Sen. Luther Strange trails Roy Moore by 4 percentage points in a new poll shared first with the Washington Examiner, putting him within striking distance of the former chief justice of the Alabama Supreme Court in a special GOP primary election runoff nearly five weeks before Election Day.

Moore won the first round, defeating Strange by 6 points, 38.9 percent to 32.8 percent; Rep. Mo Brooks finished with 19.7 percent. Initial polling of the Sept. 26 runoff showed Moore jumping out to a big lead over Strange. But in the first operator live-dial called made public, the race is much closer, with Moore edging the senator 45 percent to 41 percent.

The survey of 601 Republican primary voters was conducted Aug. 21 - Aug. 23 by the GOP and has an error margin of plus or minus 4 points. Republican pollster Jan van Lohuizen produced the survey for Senate Leadership Fund, the super PAC aligned with Senate Majority Leader Mitch McConnell, R-Ky.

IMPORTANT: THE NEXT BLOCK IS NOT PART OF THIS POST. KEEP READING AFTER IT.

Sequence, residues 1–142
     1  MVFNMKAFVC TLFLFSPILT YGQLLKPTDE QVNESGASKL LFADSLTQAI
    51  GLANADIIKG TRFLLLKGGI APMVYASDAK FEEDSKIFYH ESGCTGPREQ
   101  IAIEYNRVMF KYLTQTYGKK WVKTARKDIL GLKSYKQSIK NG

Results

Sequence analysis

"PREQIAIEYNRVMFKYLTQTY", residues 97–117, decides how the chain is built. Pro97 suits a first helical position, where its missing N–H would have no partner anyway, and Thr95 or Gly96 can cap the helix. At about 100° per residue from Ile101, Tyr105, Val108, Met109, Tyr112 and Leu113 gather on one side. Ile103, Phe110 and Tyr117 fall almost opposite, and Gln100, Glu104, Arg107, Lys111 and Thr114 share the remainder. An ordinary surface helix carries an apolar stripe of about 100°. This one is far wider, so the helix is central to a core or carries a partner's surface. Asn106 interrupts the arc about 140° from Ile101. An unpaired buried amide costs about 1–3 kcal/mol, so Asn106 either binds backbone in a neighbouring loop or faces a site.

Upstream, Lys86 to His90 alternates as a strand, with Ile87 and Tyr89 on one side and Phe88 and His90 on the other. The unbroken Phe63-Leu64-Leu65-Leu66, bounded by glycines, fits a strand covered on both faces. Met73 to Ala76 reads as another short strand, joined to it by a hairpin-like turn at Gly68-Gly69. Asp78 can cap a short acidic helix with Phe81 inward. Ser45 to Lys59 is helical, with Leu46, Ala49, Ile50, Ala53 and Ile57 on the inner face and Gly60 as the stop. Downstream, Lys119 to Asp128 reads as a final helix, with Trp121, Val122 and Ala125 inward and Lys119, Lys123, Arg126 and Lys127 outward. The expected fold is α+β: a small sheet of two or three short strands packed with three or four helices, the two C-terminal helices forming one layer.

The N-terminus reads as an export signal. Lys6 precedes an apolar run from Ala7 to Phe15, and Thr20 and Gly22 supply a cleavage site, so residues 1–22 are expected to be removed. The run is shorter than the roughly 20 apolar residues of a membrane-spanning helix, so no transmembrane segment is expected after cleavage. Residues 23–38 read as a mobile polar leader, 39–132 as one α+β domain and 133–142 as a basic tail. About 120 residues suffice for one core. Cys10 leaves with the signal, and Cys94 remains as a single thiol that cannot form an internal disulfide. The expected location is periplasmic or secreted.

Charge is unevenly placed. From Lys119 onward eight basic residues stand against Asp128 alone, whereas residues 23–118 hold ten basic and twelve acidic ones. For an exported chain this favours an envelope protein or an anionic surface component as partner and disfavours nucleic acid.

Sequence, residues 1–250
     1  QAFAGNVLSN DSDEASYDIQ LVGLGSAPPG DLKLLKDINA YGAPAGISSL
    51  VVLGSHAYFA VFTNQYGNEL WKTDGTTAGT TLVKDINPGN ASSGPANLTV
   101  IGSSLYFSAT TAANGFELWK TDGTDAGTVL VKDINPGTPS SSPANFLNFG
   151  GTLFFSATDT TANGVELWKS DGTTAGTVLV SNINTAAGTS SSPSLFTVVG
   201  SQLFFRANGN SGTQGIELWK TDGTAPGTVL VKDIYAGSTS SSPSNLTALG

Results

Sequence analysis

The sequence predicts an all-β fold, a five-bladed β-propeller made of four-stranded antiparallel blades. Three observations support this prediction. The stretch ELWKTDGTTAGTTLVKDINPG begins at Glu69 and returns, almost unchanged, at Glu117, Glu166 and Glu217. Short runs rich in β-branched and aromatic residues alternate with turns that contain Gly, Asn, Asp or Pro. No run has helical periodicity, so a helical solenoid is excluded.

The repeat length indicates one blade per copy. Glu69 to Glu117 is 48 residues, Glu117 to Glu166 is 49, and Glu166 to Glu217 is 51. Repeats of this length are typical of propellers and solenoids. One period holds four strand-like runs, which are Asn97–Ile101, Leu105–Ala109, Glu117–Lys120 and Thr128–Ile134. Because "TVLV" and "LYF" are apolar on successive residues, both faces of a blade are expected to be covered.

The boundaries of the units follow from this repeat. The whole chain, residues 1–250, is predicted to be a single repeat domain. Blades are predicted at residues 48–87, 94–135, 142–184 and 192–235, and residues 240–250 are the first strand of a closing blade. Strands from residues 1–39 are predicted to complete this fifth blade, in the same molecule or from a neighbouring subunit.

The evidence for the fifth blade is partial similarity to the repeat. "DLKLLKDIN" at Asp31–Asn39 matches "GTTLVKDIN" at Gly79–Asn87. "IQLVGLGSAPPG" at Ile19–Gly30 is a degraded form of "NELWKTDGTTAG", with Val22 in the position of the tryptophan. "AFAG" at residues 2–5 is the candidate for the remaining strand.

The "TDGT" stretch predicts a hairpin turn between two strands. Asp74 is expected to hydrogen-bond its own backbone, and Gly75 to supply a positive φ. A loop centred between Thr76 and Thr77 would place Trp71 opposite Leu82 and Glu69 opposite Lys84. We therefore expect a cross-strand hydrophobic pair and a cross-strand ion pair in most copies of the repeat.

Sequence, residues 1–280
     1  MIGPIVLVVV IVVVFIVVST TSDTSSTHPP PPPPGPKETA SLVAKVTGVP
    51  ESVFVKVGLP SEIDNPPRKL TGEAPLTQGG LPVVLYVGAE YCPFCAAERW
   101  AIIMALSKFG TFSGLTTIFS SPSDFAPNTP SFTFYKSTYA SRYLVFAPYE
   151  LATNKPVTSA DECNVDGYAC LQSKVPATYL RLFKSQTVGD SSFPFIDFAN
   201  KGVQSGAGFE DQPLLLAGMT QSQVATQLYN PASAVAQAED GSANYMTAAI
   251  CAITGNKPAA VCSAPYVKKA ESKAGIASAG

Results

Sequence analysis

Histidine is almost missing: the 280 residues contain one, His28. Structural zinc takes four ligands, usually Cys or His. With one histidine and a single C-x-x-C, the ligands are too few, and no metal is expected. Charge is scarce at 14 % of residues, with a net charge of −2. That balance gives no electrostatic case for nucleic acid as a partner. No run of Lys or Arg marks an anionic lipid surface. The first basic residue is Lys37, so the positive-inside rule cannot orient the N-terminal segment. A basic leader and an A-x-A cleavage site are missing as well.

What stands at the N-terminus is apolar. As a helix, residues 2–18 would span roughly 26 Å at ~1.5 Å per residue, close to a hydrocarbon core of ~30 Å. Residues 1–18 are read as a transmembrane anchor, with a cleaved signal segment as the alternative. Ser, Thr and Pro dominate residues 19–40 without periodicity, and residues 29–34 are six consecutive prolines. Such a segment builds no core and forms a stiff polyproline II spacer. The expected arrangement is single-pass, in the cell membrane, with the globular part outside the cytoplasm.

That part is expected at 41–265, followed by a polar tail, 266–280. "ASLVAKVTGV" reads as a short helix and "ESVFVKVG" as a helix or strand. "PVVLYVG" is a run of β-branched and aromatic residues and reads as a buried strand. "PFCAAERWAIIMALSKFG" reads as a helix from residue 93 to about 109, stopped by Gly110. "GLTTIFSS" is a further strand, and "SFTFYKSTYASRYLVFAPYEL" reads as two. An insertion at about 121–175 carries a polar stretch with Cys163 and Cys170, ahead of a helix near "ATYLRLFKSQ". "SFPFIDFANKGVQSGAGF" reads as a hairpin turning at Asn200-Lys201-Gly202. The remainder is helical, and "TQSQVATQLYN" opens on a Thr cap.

The group is backing Strange, appointed to the Senate in January after Jeff Sessions resigned to become U.S. attorney general. The victor in the primary will heavily favored in the special election to fill the remainder of the term Sessions' won in 2014.

The campaign is complicated mix of establishment versus outsider.

McConnell is backing Strange, and Moore is trying to use that to his advantage. Congress has a poor approval rating with Republican voters, and Moore is pledging to oppose the majority leader if he is elected to the Senate. But Strange has been endorsed by President Trump, perhaps the ultimate political outsider, who happens to be quite popular in Alabama.

Trump has a favorable rating of 83 percent among Republicans in the state, with just 12 percent viewing the president unfavorably. At 59 percent, Moore's favorability is 7 points higher than Strange's 52 percent rating.